implements Comparable<Container<? extends Key, ?>> {

    public Key key;
    public Value value;

    public Container(Key k, Value v) {
        key = k;
        value = v;
    }

    public int compareTo(Container<? extends Key, ?> o) {
        return key.compareTo(o.key);
    }
}

Edit: Following exactly the comments below, the declaration would be a follows. Notice the flip in the keys calling compareTo, and how Key no longer needs to implement Comparable at all. You just need to take a Container that can produce some key that can consume a Key

private static class Container<Key, Value> implements
        Comparable<Container<? extends Comparable<? super Key>, ?>> {

    //fields and constructors...

    public int compareTo(Container<? extends Comparable<? super Key>, ?> o) {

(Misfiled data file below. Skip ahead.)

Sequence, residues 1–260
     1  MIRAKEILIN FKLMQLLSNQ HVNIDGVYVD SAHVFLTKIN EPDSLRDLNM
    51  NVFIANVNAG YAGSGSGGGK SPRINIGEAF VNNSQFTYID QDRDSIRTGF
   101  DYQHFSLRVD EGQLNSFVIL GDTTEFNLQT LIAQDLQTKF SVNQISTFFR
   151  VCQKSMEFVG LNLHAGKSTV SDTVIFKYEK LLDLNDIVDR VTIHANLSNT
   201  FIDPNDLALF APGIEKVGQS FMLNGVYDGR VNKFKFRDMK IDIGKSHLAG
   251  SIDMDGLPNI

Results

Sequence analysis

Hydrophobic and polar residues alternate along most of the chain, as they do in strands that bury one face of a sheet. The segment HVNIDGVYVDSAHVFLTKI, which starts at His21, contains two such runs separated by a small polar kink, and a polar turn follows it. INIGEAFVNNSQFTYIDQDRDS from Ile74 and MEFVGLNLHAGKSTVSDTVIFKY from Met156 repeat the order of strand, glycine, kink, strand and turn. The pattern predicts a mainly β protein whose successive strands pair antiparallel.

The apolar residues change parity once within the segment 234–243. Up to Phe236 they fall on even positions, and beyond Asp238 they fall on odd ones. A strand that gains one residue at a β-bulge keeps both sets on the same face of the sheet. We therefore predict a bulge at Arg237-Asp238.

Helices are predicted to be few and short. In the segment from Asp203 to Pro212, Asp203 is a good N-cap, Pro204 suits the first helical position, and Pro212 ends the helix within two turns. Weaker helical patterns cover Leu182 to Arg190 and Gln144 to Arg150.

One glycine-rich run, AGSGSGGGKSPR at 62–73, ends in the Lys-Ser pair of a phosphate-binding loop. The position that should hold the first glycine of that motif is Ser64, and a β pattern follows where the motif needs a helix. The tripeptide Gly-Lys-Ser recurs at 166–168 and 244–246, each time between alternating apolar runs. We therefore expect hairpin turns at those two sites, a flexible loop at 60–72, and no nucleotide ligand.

return -o.key.compareTo(key);
    }
}
share|improve this answer
    
I dont totally agree with this, but perhaps I didn't understood it. The way I see it, your Container is comparable to any other container that has a key derived from the key of the first one. I wanted a contaner to be comparable to any other container that has a key comparable to the key of the first one. –  Giovanni Funchal Aug 12 '10 at 10:52
    
@Helltone: Given that you want the key of the other one to be comparable to the key of the first one, the key of the first one does not actually need to be comparable (although it probably will be). Edited above answer. –  ILMTitan Aug 12 '10 at 19:14
    
this is what I did in the answer that I posted, but I'm not actually happy with the **-o.**key.compareTo –  Giovanni Funchal Aug 13 '10 at 9:21

You're simply not implementing the interface correctly. You define Container as implementing Comparable<Pair<? super Key, Value>. That means that it must declare a method:

public int compareTo(Comparable<Pair<? super Key, Value> o)